It was an investment of time. I had to read a book he recommended. I had to fill out exercise sheets with how I was feeling, when and what triggered it. I had to quantify emotions. What a load of crap, I thought. How can this possibly help? I hated my life, I hated my child; how could the way I felt at 7:30 am this morning possibly help me figure this out?

But then I surprised myself. I found those patterns. M helped me distance myself from some of the situations that aggravated my anger and helplessness. Even today he does more bedtimes than me because that was one of the things that undid me. My claustrophobia would come out to play when I was trapped in a dark room with her climbing all over me because she didn’t want to sleep.

Soon I needed less and less logging. My mind found clarity. We paid to take Murphyskid to a naturopathic doctor for holistic help. The dairy allergy was found. A switch to soy and three days later she was a new person. The wasted time and effort of it all could’ve driven me on a downward spiral, but instead I felt relieved. Like a mom would. It was a sign of wellness.

The doctor also put me on B vitamins, which were responsible for the functioning of the central nervous system. She told me carve out a portion of the day for myself. Have a few drinks with a friend once a week. Exercise.

I can’t say I did all of those things. But I did some. And it helped. Oh, how it helped!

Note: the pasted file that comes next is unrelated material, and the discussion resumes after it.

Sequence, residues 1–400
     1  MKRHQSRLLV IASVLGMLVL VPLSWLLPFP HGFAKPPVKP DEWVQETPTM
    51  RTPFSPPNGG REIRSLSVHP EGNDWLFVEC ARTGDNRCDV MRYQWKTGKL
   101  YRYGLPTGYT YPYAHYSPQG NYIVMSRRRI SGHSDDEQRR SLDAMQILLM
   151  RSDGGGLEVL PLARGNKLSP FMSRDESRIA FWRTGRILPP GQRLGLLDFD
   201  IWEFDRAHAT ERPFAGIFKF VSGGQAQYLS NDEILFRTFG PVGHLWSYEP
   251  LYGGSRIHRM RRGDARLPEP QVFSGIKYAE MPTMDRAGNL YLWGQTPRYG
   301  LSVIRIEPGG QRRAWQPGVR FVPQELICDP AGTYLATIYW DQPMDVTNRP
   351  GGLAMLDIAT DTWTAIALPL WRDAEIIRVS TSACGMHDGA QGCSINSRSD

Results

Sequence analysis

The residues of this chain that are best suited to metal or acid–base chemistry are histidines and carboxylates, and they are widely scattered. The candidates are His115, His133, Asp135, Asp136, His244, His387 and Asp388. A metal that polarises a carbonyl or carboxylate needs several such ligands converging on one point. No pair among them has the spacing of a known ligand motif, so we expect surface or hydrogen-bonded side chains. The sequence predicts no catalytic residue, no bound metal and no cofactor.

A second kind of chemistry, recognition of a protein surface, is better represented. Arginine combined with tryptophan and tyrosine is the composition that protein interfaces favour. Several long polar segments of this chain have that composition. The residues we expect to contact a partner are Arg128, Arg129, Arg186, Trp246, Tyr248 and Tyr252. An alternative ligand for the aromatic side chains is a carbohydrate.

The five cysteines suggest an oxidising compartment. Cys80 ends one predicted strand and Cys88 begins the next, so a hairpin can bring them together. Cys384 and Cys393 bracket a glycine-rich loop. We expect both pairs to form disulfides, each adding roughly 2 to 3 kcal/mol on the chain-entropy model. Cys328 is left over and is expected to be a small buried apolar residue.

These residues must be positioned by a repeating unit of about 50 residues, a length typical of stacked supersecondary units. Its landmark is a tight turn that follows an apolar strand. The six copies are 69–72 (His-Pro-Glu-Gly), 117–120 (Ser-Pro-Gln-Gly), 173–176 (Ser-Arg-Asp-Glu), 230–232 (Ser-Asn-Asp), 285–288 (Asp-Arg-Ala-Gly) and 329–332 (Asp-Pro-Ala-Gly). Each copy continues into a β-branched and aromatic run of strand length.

Yes there is a happy ending to my story. I am now 3.5 years into my relationship with a walking, talking, feeling, intelligent little person whom I love from the bottom of my being. We could’ve got there a lot quicker if I had had the right expectation. If that default screen saver image of what motherhood should look like hadn’t been planted in there to mess with my head.

I am respectful of the mind now. It’s not all about thinking, it about feeling. It’s about making deeper, more meaningful connections. It’s about letting myself love, both myself and those around me. It’s about learning coping mechanisms for when life becomes overwhelming. It’s about talking to people. And most important of all, it’s about taking it one day at a time.

Susan Diaz is a writer and independent communicator. She lives in the mad bustle of downtown Toronto with her husband and challenging 3 year old who drives her to blog most days! In her blog Carrots and Peace, she offers a humorous perspective on the things close to her heart – food, no holds barred parenting and musings on just about anything else in-between. She’s on twitter @susandiaztweets.